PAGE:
Iranian dissidents warn of regime’s use of drones to “destabilize” region, using materials from China



Iranian dissidents warn the hardline regime’s use of drones to cause instability in the region, saying it is using technology – whose materials are imported from China – to make up for weaknesses in its military air.

The National Council of Resistance of Iran (NCRI), a coordination group of Iranian resistance groups that oppose the regime, released evidence at a press conference that it says shows the production and use unmanned aerial vehicles (UAC) for terrorist operations and to aid its proxies in the Middle East – including aerial photographs of suspected sites and details that have emerged from inside the country.

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“Our revelation today is significant because it shows that the IRGC Quds Force has broadened its arsenal in recent years to intensify terrorism and warmongering in order to destabilize the region by arming its proxies with drones,” Alireza Jafarzadeh, director Washington office assistant. of the National Council of Resistance of Iran, told Fox News. “This is in line with the regime’s nuclear mistrust and its repression inside.”

The group alleges that the regime, which has been rocked by a series of economic sanctions imposed by the Trump administration as well as home protests and challenges related to its handling of the COVID-19 pandemic, used a network of industries to spend billions of dollars producing components or smuggling them from foreign countries.

The NCRI report alleges that at least one of the operations, Ghazanfar Roknabadi Industries, provides support and training to the factories of the International Revolutionary Guard Corps (IRGC) and uses raw materials imported from the Chinese Communist regime.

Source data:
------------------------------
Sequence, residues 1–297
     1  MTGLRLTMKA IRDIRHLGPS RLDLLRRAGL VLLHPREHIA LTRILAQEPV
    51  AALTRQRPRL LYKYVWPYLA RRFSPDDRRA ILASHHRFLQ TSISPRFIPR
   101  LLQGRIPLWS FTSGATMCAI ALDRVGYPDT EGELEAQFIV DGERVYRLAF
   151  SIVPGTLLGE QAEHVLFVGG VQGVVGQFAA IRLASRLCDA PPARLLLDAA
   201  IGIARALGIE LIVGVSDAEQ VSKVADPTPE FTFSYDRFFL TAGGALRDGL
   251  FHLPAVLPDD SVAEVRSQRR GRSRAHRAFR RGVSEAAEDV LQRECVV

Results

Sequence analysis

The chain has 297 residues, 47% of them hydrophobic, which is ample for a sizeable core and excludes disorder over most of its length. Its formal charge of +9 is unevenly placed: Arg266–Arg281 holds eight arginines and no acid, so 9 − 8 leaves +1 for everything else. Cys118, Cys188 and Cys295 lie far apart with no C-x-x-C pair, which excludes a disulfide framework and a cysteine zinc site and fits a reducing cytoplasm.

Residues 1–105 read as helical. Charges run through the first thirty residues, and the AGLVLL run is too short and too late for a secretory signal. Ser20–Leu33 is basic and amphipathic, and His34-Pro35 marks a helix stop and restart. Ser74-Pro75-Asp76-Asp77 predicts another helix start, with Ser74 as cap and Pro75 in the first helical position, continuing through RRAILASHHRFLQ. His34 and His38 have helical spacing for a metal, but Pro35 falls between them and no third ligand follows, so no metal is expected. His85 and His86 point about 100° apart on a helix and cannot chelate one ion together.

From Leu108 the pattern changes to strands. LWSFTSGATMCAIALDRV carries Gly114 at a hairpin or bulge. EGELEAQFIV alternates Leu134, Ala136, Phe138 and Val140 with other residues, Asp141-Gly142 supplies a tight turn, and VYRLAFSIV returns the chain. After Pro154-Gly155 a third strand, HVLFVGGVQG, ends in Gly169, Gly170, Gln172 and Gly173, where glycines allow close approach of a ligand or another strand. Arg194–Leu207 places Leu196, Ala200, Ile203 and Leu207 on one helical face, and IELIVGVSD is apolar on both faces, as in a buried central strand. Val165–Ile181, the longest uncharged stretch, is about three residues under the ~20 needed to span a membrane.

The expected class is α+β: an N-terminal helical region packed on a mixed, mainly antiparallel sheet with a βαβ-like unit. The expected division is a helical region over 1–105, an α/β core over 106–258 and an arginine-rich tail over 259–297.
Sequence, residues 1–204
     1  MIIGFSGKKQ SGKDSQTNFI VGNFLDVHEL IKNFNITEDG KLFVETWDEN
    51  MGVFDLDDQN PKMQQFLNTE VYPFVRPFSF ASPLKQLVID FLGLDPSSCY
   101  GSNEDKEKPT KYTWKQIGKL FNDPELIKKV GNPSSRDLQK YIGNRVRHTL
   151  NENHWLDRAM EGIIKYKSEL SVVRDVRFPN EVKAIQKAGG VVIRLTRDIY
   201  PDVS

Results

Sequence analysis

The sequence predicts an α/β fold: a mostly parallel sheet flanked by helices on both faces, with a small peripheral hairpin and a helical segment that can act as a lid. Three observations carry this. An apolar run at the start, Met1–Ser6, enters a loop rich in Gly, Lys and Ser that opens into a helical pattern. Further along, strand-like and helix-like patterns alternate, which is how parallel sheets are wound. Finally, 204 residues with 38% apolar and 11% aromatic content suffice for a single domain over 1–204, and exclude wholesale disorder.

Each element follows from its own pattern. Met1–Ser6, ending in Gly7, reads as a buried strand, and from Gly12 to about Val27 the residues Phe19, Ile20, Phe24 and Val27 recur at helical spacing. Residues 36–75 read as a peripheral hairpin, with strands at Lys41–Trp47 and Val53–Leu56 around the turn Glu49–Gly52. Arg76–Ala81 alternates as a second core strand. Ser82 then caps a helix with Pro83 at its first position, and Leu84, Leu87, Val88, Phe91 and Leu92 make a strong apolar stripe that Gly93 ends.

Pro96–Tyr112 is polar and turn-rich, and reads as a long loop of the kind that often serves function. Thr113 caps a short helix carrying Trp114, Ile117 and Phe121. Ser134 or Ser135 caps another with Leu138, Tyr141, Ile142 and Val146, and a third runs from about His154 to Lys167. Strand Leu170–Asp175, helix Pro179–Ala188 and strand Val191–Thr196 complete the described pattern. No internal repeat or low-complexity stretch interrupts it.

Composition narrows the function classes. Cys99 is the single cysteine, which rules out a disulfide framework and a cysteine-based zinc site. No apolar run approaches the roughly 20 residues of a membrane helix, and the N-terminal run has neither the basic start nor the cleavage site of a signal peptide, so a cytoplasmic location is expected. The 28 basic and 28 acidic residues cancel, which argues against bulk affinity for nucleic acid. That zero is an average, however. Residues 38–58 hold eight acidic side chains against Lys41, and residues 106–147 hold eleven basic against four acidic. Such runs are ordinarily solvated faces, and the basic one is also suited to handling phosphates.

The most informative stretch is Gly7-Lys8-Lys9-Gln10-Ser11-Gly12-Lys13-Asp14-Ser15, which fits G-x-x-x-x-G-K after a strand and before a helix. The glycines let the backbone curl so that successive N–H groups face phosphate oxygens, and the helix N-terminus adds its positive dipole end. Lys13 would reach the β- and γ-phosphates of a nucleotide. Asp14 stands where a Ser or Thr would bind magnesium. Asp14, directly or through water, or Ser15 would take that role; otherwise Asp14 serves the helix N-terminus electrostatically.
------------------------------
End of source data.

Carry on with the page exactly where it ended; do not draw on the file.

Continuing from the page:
The group’s findings also show that a new drone complex, with a specialized drone unit, has been in place in Semnan since 2019 – which includes work on breeding lightweight, silent drones. The drones are then transported in pieces and moved as part of an effort to control the country’s borders.

These are two of the factories that NCRI says are being used as part of the drone project and a project that also includes the regime’s drone command – which is one branch of the air force. of the plan.

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In total, it identifies eight suspected UAV manufacturing bases and seven more for maintenance and other services – as Quds forces work to ensure the drone program equips proxies in the region, including including Yemen, Syria and Lebanon, with advanced technology.

These drones have been used in a variety of ways, including to identify and attack Syrian opposition forces and to help the Houthis in Yemen use drones in their attacks against Saudi-backed forces.

The group also claims that the IRGC made “heavy use of drones inside Iraq” on militant groups, such as the Al-Nujaba group – who allegedly demonstrated their UAV capabilities in parades. .

The NCRI, which has long called for a democratic and secular Iran, calls on countries not to lift new sanctions against the regime until it ceases its aggressive behavior.

“It is time for the United States, Europe and the countries of the region to adopt a firm policy by widening the sanctions and holding [President Ebrahim] Raisi and [Ayatollah] Khamenei will be held to account until Tehran abandons its rogue behavior and ends human rights violations, ”Jafarzadeh said.

The Biden administration has indicated it wants to join the controversial 2015 Iran nuclear deal, which the United States withdrew in 2018, and talks are underway in Vienna to bring the two sides back into the deal. international.

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However, since the talks ended in June, a new hard-line president – Ebraham Raisi – has been invested and has since blocked talks with the United States amid calls from Iran for sanctions relief.

“We know they’re going through a transition, but it’s been three months,” a State Department official told Fox last month, adding that the United States “may reach a point where we may have to conclude. [the Iran deal] is no longer viable “and if it is even” still relevant “.

Fox News’ Brooke Singman and Nick Kalman contributed to this report.


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